City officials are scrambling, apartment owners are organizing, and civil engineering experts are continuing to fret in the ongoing saga of San Francisco's Millennium Tower. The 58-story reinforced-concrete skyscraper has already sunk 16 inches and leaned a few inches closer to a nearby building since it was built seven years ago. Per the New York Times, blame for the problem (depending on who you talk to) is being assigned to everything from "very challenging" soil conditions and a "deficient" foundation—Business Insider notes the building was anchored 80 feet into packed sand rather than to bedrock 200 feet down—to lack of city oversight and adjacent digging and groundwater removal. All of which is worrisome in a metropolitan area that lies in a major earthquake zone.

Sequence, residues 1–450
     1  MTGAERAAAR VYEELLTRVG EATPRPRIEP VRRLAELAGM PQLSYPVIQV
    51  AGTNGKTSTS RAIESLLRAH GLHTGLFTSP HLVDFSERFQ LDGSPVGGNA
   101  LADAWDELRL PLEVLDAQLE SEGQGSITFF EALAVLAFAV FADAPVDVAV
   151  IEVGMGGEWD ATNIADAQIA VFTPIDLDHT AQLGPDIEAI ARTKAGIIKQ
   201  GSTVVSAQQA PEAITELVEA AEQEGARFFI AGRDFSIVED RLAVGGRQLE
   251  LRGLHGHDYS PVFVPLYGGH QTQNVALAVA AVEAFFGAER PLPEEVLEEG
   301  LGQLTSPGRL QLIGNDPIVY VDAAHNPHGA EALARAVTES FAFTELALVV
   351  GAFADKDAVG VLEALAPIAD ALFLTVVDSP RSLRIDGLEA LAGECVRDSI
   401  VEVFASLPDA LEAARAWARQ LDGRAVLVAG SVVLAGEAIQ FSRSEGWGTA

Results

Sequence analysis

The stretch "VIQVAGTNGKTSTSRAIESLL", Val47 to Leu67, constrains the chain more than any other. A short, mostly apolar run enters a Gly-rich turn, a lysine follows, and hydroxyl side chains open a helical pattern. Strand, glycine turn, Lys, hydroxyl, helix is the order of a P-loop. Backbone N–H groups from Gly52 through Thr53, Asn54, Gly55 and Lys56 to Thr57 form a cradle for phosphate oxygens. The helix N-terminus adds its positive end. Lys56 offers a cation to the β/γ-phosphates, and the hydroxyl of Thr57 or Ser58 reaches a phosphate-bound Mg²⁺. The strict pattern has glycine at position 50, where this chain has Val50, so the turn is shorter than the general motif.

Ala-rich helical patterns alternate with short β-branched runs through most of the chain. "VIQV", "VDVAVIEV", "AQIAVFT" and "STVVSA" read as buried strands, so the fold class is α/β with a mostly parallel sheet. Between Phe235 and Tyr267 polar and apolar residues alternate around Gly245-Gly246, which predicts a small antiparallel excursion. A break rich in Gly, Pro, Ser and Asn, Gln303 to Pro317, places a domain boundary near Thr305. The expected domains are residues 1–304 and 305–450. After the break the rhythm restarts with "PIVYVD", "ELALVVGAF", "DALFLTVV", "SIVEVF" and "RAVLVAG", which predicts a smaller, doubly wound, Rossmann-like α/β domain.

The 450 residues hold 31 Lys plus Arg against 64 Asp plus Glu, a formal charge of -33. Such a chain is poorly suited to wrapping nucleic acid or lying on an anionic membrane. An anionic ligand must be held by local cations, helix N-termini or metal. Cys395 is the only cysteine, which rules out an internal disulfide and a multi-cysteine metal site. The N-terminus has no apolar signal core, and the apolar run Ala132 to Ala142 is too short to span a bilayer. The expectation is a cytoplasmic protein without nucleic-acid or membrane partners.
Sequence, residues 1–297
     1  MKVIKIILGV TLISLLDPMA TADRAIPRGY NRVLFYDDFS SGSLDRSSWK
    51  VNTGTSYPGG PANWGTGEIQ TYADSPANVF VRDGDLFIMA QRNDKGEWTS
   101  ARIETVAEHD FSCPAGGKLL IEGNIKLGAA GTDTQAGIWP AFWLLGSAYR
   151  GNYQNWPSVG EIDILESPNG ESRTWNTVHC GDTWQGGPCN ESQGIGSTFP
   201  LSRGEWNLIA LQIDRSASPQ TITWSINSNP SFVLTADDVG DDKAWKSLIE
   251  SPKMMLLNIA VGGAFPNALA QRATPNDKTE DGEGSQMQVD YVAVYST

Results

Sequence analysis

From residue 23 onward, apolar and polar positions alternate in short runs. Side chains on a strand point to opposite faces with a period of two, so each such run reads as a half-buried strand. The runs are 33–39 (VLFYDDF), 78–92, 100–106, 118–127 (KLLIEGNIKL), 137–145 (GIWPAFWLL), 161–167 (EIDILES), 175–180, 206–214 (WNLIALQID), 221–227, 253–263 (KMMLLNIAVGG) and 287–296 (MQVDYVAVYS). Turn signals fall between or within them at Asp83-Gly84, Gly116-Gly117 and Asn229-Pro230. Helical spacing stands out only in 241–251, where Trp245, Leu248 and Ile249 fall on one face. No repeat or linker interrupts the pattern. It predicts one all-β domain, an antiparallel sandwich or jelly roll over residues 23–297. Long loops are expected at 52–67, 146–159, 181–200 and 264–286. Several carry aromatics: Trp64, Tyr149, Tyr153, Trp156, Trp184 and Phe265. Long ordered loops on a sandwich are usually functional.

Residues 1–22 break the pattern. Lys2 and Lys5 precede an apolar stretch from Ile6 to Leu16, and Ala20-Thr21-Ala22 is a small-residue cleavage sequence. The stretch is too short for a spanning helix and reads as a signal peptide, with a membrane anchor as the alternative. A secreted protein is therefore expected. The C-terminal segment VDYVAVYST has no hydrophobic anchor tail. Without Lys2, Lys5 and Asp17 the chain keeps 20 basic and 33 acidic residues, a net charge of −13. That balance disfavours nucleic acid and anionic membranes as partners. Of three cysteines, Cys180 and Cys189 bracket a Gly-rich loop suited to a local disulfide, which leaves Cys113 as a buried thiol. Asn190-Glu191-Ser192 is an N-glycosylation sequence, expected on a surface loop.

Potential buyers had been warned by developers in 2009 that some aesthetic elements of the building, like the landscaping and color of the stone hallways, were subject to change, but they say they had no clue the building had already sunk 8 inches by the time construction had finished. Jerry Dodson, who paid $2.1 million for his 42nd-floor apartment, says sewage lines and elevators are at risk of malfunctioning with any further leaning or sinkage—and it's anticipated the building could sink as much as 30 inches, CBS San Francisco notes. Dodson's wife reveals one possible solution an engineer has suggested: removing the top 20 floors of the building to reduce its weight. The developer insists the tower is still safe, per CNBC. (Elsewhere in San Francisco, the "East Bay walls" remain an intriguing puzzle.)